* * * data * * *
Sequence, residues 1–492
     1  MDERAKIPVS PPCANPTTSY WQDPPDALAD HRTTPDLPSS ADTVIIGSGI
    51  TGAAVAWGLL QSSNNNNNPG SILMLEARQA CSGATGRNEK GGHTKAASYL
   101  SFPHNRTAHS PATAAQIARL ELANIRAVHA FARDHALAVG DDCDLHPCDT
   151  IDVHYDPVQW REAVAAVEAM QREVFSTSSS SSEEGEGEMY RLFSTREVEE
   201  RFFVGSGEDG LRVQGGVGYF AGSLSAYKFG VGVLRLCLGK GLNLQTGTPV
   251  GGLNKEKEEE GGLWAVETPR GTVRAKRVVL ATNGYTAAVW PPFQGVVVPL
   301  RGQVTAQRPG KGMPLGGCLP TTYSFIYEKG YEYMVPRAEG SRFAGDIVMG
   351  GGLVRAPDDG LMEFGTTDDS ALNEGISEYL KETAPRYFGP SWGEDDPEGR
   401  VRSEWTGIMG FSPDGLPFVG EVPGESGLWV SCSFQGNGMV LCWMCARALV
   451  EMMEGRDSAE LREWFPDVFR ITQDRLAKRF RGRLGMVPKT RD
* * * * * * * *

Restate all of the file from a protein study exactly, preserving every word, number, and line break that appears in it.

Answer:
Sequence, residues 1–492
     1  MDERAKIPVS PPCANPTTSY WQDPPDALAD HRTTPDLPSS ADTVIIGSGI
    51  TGAAVAWGLL QSSNNNNNPG SILMLEARQA CSGATGRNEK GGHTKAASYL
   101  SFPHNRTAHS PATAAQIARL ELANIRAVHA FARDHALAVG DDCDLHPCDT
   151  IDVHYDPVQW REAVAAVEAM QREVFSTSSS SSEEGEGEMY RLFSTREVEE
   201  RFFVGSGEDG LRVQGGVGYF AGSLSAYKFG VGVLRLCLGK GLNLQTGTPV
   251  GGLNKEKEEE GGLWAVETPR GTVRAKRVVL ATNGYTAAVW PPFQGVVVPL
   301  RGQVTAQRPG KGMPLGGCLP TTYSFIYEKG YEYMVPRAEG SRFAGDIVMG
   351  GGLVRAPDDG LMEFGTTDDS ALNEGISEYL KETAPRYFGP SWGEDDPEGR
   401  VRSEWTGIMG FSPDGLPFVG EVPGESGLWV SCSFQGNGMV LCWMCARALV
   451  EMMEGRDSAE LREWFPDVFR ITQDRLAKRF RGRLGMVPKT RD